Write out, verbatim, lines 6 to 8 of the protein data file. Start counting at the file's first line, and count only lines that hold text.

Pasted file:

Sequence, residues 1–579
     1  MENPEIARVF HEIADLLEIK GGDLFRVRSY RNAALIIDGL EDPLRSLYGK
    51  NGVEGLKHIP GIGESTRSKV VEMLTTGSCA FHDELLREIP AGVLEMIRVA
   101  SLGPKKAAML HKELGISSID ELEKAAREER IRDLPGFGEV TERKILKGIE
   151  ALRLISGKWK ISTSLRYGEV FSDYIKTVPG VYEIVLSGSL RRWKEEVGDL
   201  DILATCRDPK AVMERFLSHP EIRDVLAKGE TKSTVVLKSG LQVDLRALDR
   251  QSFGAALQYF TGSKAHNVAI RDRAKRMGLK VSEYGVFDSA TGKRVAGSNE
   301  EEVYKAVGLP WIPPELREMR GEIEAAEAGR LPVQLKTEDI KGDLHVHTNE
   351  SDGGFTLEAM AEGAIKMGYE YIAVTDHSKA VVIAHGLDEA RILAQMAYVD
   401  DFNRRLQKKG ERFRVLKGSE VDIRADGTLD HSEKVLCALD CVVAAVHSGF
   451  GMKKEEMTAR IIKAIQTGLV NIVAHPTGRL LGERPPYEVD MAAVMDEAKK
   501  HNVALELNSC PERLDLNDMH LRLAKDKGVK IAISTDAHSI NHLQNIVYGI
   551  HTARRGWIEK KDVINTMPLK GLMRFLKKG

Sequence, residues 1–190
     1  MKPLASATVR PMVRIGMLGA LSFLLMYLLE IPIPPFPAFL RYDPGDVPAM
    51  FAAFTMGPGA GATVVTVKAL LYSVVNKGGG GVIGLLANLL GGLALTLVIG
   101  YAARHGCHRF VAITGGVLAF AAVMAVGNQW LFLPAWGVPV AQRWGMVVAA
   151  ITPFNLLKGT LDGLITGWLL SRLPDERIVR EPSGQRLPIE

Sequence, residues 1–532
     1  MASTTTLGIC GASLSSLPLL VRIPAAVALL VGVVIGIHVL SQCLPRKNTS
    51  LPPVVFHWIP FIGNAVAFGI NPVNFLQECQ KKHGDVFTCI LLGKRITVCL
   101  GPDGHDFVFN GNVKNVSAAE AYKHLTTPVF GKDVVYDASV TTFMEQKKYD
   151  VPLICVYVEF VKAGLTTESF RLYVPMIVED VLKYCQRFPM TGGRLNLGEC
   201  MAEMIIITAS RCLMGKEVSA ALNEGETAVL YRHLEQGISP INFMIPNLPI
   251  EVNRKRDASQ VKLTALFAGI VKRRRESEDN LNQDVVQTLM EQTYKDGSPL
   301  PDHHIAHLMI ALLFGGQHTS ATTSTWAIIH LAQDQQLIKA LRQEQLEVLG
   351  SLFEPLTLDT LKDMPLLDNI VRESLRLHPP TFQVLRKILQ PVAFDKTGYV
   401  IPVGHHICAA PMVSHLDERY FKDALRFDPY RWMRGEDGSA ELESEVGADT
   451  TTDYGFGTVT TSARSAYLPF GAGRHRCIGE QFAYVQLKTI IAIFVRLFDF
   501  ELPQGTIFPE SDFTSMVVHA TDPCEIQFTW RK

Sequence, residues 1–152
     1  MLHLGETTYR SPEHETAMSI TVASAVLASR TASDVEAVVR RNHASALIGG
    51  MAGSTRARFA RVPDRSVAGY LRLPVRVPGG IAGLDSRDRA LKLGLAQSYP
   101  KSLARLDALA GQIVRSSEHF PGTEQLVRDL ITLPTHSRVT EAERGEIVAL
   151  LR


   201  DILATCRDPK AVMERFLSHP EIRDVLAKGE TKSTVVLKSG LQVDLRALDR
   251  QSFGAALQYF TGSKAHNVAI RDRAKRMGLK VSEYGVFDSA TGKRVAGSNE
   301  EEVYKAVGLP WIPPELREMR GEIEAAEAGR LPVQLKTEDI KGDLHVHTNE